I Promise You, Dune Is So Much Bigger than the “Is Paul Bad” Debate

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I Promise You, Dune Is So Much Bigger than the “Is Paul Bad” Debate

Here’s the thing, when it comes to the overarching storyline of Frank Herbert’s seminal sci-fi series Dune: It really can’t be conveyed by simply reading Dune, or by adapting that book into a film. When finishing the original 1965 novel, one might be under the impression in that moment that Dune functions at least modestly well as a standalone tale in a unique sci-fi universe, albeit one that ends with an ominous cascade of blood and galaxy-wide turmoil on the immediate horizon. But from the opening pages of Herbert’s follow-up, Dune Messiah, it is immediately clear that any perception we have built up of a character like Paul Atreides while reading Dune is woefully incomplete. This is a story that can’t be told in full without the context of its own sequels, a story where each subsequent entry (at least through the first three or four books) radically alters how we view the past actions of the characters in all the material leading up to that point. In a story where so much of the plot becomes entangled in past and future lives, and the ability to perceive (and thus control) the future, knowledge of the full timeline is a necessity to genuinely see the big picture Herbert is hinting at throughout.

This is all to say the following: You may have seen the internet furiously debating the question of “Is Paul bad?” in the wake of director Denis Villeneuve’s Dune: Part Two. The answer is that not only is this a pointlessly blunt and simplistic question to pose while critiquing the film, it’s also a question that the audience is fundamentally unequipped to answer without the context of subsequent chapters in a much larger and more complex story that has only begun to play out. Herbert certainly wouldn’t have reduced the breadth of his life’s work to simply answering the question of whether or not Paul Atreides is “a bad guy,” and neither should we. It simply isn’t that simple, folks. I promise you, there’s more to the story of Dune than reducing it to such black-and-white platitudes … but reading a few novels may ultimately be the only way to appreciate this, because even the likes of Villeneuve probably won’t have a chance to finish bringing the full vision of Herbert’s work to life.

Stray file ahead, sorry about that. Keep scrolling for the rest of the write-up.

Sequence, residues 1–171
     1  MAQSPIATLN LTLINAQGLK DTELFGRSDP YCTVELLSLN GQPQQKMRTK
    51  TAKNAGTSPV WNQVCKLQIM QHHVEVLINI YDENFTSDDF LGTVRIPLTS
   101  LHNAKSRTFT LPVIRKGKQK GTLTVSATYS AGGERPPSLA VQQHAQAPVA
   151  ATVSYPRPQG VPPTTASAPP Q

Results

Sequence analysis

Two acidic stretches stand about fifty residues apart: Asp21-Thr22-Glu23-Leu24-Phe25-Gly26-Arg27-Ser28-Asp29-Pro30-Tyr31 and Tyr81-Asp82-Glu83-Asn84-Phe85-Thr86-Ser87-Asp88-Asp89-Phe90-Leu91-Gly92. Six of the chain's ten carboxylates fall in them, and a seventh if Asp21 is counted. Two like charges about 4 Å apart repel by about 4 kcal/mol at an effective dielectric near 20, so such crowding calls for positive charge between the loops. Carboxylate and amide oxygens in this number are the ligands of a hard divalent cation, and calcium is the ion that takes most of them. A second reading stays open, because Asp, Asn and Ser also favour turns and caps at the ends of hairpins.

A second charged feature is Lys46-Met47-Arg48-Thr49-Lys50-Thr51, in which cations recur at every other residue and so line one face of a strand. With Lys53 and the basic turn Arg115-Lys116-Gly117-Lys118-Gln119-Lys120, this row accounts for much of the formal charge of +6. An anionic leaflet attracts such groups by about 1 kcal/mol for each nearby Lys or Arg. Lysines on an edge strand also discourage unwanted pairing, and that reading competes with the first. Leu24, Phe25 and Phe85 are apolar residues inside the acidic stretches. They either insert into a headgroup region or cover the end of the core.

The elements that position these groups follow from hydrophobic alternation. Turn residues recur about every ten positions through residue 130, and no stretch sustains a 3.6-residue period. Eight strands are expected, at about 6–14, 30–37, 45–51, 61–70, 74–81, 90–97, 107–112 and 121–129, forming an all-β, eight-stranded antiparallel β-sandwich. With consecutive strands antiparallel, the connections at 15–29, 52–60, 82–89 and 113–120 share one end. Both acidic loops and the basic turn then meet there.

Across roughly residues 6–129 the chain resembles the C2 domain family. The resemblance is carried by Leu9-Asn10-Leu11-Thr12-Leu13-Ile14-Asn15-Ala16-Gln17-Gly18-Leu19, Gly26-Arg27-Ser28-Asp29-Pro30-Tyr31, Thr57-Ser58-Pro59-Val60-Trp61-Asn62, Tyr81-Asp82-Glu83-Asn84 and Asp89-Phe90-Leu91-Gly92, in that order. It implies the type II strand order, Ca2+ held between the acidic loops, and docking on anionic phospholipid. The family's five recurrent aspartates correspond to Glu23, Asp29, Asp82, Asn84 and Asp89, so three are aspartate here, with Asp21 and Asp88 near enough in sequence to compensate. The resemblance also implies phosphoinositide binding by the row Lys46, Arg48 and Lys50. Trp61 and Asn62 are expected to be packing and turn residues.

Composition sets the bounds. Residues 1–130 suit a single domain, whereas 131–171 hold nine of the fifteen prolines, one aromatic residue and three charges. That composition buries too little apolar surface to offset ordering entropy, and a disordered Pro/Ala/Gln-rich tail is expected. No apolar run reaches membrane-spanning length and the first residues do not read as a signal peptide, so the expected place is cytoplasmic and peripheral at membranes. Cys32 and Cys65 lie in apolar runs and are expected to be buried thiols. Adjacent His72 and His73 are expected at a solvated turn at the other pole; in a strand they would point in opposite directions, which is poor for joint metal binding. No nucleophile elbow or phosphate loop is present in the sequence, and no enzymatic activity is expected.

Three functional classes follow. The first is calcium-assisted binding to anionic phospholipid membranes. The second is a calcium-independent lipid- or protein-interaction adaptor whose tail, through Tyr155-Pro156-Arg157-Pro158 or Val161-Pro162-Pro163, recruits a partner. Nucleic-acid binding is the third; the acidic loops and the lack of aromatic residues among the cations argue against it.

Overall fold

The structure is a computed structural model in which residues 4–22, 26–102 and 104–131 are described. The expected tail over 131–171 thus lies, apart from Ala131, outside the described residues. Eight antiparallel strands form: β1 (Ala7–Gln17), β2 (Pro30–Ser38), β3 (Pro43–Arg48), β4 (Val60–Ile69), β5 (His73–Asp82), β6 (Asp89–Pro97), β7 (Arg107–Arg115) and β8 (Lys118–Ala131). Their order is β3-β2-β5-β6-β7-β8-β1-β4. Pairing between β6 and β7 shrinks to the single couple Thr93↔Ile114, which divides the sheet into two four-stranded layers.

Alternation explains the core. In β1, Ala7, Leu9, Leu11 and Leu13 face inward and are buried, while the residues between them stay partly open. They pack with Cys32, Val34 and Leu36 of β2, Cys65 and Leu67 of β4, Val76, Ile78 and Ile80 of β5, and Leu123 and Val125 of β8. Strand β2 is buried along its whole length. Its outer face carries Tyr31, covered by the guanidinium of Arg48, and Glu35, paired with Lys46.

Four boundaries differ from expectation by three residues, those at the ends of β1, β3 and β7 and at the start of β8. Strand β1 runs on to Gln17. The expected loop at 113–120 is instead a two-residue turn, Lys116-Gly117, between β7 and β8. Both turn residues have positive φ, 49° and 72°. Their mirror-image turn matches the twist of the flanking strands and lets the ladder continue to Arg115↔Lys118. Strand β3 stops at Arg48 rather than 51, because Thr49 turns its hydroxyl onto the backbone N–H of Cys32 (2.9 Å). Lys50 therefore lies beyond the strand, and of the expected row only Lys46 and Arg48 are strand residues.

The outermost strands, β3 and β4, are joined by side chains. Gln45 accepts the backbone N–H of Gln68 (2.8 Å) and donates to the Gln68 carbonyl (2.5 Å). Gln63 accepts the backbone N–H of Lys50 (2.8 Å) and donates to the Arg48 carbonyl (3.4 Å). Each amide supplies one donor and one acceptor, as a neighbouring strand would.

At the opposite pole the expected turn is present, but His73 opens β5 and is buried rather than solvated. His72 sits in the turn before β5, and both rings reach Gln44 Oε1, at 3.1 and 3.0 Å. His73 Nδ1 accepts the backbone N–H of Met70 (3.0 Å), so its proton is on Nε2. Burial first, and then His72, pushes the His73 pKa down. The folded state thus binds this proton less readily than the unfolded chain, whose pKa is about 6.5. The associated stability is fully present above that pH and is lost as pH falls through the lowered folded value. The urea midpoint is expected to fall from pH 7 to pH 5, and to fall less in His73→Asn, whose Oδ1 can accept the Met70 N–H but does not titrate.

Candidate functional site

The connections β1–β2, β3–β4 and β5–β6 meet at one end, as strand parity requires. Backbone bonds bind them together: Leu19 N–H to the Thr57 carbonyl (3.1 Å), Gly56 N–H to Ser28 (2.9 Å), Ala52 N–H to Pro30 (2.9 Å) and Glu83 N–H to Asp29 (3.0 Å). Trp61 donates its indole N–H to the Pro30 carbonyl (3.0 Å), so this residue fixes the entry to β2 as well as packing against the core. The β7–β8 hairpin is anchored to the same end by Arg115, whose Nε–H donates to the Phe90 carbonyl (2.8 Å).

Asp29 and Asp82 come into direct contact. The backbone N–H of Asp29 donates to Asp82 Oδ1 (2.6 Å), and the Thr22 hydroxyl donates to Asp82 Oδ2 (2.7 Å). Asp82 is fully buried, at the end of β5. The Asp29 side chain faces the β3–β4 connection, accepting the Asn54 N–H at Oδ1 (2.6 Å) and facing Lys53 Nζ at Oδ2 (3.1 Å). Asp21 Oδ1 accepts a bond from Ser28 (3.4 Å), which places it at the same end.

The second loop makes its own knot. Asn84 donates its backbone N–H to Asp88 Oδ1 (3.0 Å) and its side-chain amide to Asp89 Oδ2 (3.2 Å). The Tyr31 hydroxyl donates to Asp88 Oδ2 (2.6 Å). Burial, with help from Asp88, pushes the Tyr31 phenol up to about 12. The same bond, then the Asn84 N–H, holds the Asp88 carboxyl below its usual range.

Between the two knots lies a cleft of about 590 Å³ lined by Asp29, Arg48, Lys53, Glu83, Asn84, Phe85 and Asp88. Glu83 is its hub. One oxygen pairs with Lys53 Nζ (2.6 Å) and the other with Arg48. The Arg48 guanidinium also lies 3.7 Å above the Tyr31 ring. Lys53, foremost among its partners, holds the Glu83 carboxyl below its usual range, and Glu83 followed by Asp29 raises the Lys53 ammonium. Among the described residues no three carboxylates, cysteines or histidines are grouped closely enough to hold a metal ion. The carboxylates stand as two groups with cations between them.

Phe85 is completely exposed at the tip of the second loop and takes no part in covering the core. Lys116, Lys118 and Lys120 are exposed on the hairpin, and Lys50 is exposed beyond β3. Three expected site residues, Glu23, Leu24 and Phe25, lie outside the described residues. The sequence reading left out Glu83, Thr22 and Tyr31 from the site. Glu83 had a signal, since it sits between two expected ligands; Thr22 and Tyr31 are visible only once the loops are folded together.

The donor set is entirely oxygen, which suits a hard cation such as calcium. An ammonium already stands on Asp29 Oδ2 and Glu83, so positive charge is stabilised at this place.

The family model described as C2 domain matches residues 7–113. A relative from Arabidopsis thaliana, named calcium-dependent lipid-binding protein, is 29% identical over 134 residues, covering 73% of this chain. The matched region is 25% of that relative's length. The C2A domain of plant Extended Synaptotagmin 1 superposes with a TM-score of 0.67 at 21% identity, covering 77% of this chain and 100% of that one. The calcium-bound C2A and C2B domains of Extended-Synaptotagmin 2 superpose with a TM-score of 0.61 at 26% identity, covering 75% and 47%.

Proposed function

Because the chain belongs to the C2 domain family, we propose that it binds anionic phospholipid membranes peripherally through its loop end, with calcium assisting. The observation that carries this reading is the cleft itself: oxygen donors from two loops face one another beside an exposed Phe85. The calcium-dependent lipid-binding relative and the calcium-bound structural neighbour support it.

The audience’s instinctual urge to turn Dune into something more concrete and simple speaks to both the desire of viewers for hand-holding from the film’s writers as they apply characterization, neatly assigning each character’s morality into various camps, and the mirroring mandate of the film studio to take this material and turn it into something capable of being sold to the multiplex masses. “Is Paul bad” is precisely the kind of ultra-concentrated prompt that serves the desires of film producers and marketers, being simple enough to launch hundreds of Twitter threads in the wake of the film’s release, digital gladiator pits in which new fans of the series duke it out in a quest to see who can simplify the story’s themes the most carelessly.

Suffice to say, these debates instead have the tendency to obliterate any form of nuance or subtlety that exists in the greater Dune storyline, separating the fandom into tribalistic, squabbling camps with such simple viewpoints as “Paul is a hero who liberates the Fremen,” or “Paul is a power-hungry madman who unleashes a deadly jihad on the galaxy.”

It’s not that the true answer is “it’s both of those things,” either. It’s that it’s both, and neither, and so much more. But the audience’s ability to make these judgments is constrained by another question: How much will Villeneuve be able to show us in any subsequent films? And has he chosen to make films informed by source material he may never intend to adapt? Does that source material even exist, if no one intends to adapt it?

The Great Moral Struggle of Dune

Dune is inherently difficult to condense because it contains fertile ground for debate on so many social issues that are relevant today, from environmentalism to xenophobia, free will to artificial intelligence, the morality of genetic editing to the distrust of powerful, supposedly benevolent institutions. If the entire breadth of the series can come down to a unifying theme–and I’m not really claiming it does, but if it can–then that theme is perhaps that of liberty vs. tyranny or free will vs. predestination.